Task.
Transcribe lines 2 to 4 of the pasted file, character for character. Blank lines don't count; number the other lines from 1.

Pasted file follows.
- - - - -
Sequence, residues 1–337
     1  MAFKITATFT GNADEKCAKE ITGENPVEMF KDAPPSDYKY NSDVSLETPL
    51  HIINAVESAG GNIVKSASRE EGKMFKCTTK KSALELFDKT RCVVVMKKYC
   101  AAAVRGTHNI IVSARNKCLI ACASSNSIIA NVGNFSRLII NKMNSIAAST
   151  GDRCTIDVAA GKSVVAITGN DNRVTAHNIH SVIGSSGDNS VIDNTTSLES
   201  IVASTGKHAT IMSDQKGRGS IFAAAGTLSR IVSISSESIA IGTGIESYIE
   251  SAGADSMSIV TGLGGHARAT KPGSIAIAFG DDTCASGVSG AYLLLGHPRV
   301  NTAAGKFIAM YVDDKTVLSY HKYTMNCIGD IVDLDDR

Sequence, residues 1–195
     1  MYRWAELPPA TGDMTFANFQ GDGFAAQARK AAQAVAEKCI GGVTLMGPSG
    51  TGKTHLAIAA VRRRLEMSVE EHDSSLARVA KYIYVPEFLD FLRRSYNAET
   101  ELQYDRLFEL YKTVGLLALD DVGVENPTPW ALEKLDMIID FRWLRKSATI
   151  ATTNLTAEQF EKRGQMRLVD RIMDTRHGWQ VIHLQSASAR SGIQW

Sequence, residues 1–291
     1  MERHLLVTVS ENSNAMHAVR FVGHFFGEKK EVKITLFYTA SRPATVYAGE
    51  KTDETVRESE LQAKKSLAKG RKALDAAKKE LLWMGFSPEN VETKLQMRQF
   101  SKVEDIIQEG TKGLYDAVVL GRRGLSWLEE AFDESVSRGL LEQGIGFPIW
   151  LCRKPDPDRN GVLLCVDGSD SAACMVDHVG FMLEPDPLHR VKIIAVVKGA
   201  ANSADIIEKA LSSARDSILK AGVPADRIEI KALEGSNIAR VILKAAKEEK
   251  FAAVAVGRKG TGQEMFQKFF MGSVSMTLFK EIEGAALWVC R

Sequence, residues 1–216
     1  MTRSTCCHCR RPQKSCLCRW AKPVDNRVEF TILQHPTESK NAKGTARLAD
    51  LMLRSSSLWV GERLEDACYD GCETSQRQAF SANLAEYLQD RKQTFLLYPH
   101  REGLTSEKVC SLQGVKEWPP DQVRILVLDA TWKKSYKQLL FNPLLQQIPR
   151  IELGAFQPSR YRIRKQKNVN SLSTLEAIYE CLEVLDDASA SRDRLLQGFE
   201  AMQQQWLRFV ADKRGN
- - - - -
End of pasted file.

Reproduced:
     1  MAFKITATFT GNADEKCAKE ITGENPVEMF KDAPPSDYKY NSDVSLETPL
    51  HIINAVESAG GNIVKSASRE EGKMFKCTTK KSALELFDKT RCVVVMKKYC
   101  AAAVRGTHNI IVSARNKCLI ACASSNSIIA NVGNFSRLII NKMNSIAAST